The teenager accused in Saturday’s Buffalo supermarket attack had once threatened to shoot his high school classmates but was still able to legally purchase three firearms, reports and sources said.
Payton Gendron, 18, of Conklin, New York, had sparked a state police investigation last year in Broome County that led him to be referred for a mental health evaluation and counseling, according to The Buffalo News.
“A school official reported that this very troubled young man had made statements indicating that he wanted to do a shooting, either at a graduation ceremony, or sometime after,” a government official familiar with the case told the paper.
Clad in tactical gear, Gendron opened fire at a Tops Friendly Market in a predominantly black neighborhood Saturday afternoon, officials said. The white teen allegedly killed 10 people and injured three others. Eleven of the victims were black.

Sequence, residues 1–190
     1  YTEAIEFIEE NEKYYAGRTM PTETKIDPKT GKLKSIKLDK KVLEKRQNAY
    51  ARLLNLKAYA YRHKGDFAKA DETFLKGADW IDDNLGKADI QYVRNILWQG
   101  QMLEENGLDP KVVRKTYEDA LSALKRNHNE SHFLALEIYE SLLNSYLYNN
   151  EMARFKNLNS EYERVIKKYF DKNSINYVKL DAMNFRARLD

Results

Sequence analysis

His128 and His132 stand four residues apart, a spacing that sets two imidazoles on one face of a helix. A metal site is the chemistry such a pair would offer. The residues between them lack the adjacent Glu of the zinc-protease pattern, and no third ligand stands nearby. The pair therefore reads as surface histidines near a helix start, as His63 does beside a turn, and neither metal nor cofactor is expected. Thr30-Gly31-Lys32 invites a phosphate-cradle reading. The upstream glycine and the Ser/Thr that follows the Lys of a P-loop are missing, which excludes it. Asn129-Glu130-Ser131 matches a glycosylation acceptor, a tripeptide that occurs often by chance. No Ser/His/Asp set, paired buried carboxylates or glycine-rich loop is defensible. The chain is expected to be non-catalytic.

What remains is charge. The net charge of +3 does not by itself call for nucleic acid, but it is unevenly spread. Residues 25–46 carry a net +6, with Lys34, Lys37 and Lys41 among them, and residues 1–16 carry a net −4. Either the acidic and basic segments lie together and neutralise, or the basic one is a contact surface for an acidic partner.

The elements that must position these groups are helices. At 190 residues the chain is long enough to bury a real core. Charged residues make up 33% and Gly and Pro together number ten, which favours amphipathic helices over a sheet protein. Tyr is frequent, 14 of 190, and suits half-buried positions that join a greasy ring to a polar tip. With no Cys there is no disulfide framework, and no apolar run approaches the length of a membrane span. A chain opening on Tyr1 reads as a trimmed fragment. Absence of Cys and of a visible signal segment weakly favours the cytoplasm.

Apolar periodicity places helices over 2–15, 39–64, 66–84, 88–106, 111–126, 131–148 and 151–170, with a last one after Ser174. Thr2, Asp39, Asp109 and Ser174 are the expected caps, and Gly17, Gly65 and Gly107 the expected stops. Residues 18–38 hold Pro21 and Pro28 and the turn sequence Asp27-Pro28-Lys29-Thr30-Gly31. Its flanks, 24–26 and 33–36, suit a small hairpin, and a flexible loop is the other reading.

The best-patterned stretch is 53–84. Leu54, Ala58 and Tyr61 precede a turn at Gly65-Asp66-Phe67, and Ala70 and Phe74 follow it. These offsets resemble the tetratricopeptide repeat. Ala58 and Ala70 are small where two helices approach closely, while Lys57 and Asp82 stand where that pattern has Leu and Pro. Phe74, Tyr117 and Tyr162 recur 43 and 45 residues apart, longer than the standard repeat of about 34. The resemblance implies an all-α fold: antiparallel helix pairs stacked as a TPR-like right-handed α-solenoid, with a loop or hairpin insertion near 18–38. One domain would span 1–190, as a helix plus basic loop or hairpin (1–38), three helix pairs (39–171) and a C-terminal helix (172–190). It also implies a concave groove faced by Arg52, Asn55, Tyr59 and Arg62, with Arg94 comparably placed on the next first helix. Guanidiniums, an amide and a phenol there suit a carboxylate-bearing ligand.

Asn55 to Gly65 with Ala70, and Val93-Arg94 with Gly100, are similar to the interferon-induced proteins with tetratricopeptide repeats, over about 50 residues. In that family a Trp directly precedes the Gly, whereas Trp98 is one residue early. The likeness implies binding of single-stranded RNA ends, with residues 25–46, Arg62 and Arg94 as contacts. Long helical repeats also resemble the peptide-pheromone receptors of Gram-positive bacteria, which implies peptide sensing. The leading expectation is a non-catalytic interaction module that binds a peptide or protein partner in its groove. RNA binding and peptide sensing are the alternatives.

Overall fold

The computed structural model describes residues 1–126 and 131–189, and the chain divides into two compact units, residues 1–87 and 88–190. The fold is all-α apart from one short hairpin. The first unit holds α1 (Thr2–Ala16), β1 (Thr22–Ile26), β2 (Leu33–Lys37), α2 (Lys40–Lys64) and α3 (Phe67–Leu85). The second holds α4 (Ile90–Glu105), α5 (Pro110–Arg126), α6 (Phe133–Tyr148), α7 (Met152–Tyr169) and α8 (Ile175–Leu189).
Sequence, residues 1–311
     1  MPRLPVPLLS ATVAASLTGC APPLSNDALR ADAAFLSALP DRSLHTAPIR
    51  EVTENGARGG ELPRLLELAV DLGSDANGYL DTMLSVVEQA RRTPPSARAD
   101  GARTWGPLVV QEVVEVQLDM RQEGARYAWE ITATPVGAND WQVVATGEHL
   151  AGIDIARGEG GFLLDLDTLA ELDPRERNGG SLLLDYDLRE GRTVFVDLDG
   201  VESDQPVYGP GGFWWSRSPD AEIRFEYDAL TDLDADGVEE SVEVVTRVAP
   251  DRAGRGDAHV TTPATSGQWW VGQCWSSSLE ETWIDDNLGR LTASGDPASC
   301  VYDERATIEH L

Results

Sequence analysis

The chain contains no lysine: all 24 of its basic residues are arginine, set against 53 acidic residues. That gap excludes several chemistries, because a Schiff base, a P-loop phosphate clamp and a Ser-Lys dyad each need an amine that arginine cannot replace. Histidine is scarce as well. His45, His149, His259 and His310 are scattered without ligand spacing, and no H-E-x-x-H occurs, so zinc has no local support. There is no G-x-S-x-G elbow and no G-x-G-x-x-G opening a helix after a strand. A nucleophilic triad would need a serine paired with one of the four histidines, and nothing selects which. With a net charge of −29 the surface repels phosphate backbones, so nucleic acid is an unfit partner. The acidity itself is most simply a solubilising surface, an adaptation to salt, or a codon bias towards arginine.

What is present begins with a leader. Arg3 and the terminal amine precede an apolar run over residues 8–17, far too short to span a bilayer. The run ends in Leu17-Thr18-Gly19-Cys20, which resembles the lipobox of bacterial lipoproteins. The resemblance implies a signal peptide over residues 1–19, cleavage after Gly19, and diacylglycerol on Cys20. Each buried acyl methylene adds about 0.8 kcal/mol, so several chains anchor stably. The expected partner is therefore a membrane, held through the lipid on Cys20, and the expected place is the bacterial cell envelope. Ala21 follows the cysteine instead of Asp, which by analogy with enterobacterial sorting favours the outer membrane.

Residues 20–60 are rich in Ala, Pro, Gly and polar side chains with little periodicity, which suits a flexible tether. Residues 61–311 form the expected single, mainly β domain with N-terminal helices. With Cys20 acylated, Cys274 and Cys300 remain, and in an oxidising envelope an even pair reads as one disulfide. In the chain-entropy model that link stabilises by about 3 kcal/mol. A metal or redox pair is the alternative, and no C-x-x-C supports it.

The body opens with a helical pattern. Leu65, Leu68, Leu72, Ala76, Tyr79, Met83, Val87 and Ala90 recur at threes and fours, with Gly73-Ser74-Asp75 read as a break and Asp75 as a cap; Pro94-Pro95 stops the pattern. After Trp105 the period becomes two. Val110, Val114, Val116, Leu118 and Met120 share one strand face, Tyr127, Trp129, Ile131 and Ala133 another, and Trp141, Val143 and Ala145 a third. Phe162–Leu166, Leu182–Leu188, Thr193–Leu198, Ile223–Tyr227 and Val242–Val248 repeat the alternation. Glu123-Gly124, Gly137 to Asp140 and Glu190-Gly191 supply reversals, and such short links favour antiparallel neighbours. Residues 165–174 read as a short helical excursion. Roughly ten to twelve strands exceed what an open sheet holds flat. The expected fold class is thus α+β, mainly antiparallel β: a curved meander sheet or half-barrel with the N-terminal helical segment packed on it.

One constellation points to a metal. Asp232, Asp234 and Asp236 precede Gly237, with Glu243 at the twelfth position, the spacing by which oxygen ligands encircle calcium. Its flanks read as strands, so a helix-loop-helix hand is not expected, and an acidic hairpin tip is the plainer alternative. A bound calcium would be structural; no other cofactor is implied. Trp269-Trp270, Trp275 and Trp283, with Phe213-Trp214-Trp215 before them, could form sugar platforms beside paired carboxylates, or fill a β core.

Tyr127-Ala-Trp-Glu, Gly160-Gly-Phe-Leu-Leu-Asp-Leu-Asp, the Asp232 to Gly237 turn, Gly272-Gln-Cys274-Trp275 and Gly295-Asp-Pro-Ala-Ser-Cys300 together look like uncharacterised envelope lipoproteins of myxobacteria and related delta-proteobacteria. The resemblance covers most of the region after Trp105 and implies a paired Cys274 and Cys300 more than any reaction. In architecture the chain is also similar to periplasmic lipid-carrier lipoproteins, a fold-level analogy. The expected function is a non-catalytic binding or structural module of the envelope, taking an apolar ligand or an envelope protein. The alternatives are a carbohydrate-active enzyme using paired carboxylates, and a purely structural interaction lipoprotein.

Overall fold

The semi-automatic rifle that was used to commit the massacre had the “n-word” painted on the barrel, along with the number 14, officials told the local paper.
The number reportedly refers to a 14-word statement attributed to a white supremacist terror organization.
“We must secure the existence of our people and a future for white people,” the statement reportedly reads.
In addition to the semi-automatic weapon, Gendron also had a hunting rifle and a shotgun, which were recently purchased legally, law enforcement sources told The Post.
Gendron had attended SUNY Broome Community College but was no longer enrolled, according to the report.
He had driven about 210 miles in his parents’ car to commit the atrocity, alleged authorities.
A manifesto purportedly written by the suspect said he began planning the attack in January after being radicalized with racial hatred online.